1982: Synthetic "human" insulin approved by the U.S. Food and Drug Administration (FDA), partnered with insulin manufacturer Eli Lilly and Company, who shepherded the product through the FDA approval process. The product (Humulin) was licensed to and manufactured by Lilly, and was the first-ever approved genetically engineered human therapeutic.
1998: Herceptin (trastuzumab): Treatment for metastatic breast cancer patients with tumors that overexpress the HER2 gene. Recently approved for adjuvant therapy for breast cancer. FDA also recently approved Trastuzumab for metastatic gastric cancer with HER2 receptor site positive.
2004: Avastin (bevacizumab): Anti-VEGF monoclonal antibody for the treatment of metastatic cancer of the colon or rectum. In 2006, also approved for locally advanced, recurrent or metastatic non-small cell lung cancer. In 2008, accelerated approval was granted for Avastin in combination with chemotherapy for previously untreated advanced HER2-negative breast cancer. In 2009, Avastin gained its fifth approval for treatment of glioblastoma multiforme, and sixth approval for the treatment of metastatic renal cell carcinoma. It was most publicized for its approval in advanced breast cancer treatment, but the FDA approval for breast cancer treatment was subsequently revoked in November 2011.
2004: Tarceva (erlotinib): Treatment for patients with locally advanced or metastatic non-small cell lung cancer, and pancreatic cancer.
2006: Lucentis (ranibizumab injection): Treatment of neovascular (wet) age-related macular degeneration (AMD). The FDA approved LUCENTIS after a Priority Review (six-month). Genentech started shipping product on June 30, 2006, the day the product was approved.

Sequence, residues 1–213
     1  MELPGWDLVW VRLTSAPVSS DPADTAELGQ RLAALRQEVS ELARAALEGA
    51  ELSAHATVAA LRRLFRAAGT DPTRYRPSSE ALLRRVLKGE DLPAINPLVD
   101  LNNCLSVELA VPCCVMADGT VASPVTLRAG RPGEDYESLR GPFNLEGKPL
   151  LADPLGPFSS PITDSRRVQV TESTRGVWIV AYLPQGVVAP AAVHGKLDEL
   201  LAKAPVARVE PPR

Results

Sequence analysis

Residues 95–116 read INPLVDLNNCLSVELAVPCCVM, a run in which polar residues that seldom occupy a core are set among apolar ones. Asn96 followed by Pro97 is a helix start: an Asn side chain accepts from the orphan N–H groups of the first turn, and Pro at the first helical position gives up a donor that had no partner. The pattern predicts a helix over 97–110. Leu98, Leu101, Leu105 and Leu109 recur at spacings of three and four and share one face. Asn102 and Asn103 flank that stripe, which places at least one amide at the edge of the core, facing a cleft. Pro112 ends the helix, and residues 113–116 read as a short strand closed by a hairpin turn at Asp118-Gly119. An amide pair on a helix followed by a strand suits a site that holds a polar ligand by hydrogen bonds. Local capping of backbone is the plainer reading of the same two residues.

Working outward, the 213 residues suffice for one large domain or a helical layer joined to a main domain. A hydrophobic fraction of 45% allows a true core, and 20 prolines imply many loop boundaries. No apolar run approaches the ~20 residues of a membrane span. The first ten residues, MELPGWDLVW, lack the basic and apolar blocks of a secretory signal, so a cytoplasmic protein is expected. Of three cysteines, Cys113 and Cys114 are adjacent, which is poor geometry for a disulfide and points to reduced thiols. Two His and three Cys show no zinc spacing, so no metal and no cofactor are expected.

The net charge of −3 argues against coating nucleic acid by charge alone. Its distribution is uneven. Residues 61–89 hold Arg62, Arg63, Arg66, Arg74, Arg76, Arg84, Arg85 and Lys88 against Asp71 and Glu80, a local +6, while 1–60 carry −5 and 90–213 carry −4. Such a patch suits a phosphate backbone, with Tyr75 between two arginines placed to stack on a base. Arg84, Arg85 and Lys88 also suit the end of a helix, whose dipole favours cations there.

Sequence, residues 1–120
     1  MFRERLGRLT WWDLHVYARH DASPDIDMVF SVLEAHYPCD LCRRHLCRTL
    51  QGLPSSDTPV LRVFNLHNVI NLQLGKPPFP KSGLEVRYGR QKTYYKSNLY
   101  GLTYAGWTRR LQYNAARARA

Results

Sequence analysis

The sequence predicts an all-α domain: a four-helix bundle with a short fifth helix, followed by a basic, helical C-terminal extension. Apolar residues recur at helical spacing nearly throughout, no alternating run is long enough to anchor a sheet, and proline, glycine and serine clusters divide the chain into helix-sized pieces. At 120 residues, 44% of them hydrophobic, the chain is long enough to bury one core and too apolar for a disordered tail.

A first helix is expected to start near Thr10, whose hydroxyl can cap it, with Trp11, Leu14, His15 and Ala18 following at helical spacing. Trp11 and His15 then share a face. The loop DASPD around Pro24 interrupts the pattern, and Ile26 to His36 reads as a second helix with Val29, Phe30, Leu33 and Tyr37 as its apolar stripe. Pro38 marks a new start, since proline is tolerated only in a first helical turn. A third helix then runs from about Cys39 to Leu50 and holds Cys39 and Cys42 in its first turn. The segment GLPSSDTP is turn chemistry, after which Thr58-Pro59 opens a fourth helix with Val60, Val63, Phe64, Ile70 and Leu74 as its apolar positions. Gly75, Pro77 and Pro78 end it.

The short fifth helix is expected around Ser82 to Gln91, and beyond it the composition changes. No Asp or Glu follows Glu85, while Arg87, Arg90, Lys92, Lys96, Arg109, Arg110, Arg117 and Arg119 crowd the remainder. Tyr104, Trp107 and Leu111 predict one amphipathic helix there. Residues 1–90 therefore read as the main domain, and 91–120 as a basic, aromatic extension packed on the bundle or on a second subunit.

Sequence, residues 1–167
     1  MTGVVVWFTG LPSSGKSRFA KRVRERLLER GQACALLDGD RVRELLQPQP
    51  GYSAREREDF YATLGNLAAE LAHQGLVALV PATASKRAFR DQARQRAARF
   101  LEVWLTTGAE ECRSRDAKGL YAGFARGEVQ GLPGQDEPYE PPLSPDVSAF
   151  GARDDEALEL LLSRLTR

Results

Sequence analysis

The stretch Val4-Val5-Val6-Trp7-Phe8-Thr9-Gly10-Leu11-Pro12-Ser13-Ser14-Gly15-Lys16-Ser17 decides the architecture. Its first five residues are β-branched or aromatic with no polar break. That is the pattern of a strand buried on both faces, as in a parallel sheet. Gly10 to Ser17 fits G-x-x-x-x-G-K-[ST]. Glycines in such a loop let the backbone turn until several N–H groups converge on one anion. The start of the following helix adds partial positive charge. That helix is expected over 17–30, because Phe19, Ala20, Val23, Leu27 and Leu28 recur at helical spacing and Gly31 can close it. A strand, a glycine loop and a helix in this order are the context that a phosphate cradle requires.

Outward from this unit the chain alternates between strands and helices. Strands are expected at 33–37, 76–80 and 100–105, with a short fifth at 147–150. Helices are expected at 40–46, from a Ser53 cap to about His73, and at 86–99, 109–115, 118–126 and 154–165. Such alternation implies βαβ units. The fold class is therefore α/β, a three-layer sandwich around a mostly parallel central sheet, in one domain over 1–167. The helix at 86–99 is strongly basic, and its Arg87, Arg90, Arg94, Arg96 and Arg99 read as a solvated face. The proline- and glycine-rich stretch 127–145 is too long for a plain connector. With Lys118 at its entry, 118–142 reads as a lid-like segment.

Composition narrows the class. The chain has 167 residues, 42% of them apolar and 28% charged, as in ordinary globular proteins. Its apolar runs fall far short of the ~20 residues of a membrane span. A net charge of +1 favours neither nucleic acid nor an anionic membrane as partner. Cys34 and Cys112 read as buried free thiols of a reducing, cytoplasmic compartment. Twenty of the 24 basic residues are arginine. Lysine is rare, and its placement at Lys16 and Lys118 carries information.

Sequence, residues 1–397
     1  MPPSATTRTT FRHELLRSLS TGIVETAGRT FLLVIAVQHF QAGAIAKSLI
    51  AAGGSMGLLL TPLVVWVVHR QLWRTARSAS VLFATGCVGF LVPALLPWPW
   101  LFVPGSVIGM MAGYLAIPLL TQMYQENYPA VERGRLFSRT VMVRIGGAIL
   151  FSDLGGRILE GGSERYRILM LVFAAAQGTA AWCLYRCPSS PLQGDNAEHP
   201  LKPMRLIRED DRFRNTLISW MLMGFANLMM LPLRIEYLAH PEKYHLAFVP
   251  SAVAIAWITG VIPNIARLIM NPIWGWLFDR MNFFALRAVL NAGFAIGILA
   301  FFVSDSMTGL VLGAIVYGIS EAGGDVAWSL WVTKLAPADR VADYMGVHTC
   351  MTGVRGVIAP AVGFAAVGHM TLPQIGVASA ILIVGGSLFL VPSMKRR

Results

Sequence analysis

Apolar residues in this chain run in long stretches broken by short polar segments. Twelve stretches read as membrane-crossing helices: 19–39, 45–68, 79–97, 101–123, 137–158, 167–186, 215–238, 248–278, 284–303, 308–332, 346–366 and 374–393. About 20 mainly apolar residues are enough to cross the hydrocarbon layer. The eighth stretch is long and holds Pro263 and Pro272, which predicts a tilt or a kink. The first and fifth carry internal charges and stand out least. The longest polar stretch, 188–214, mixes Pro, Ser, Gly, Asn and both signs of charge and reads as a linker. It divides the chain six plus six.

2010: Actemra (tocilizumab): The first interleukin-6 (IL-6) receptor-inhibiting monoclonal antibody approved to treat rheumatoid arthritis (RA).
2012: Perjeta (pertuzumab): For use in combination with Herceptin (trastuzumab) and docetaxel chemotherapy for the treatment of patients with previously untreated HER2-positive metastatic breast cancer.
2013: Kadcyla (ado-trastuzumab emtansine): The first Genentech antibody-drug conjugate (ADC) to receive FDA approval. It consists of trastuzumab (Herceptin) linked to a cytotoxic agent mertansine (DM1), used in the treatment of HER2-positive metastatic breast cancer.
2015: Alecensa (alectinib): Treatment for non-small cell lung cancer (NSCLC).
2016: Venclexta (venetoclax): Treatment for patients with chronic lymphocytic leukemia (CLL) who have a chromosomal abnormality called 17p deletion and who have been treated with at least one prior therapy.
2016: Tecentriq (atezolizumab): First-in-class anti-PD-L1 antibody for the treatment of advanced bladder cancer or metastatic non-small cell lung cancer (NSCLC), both after failure of platinum-based chemotherapy. Tecentriq was granted accelerated approval for its advanced bladder cancer indication due to promising phase II results.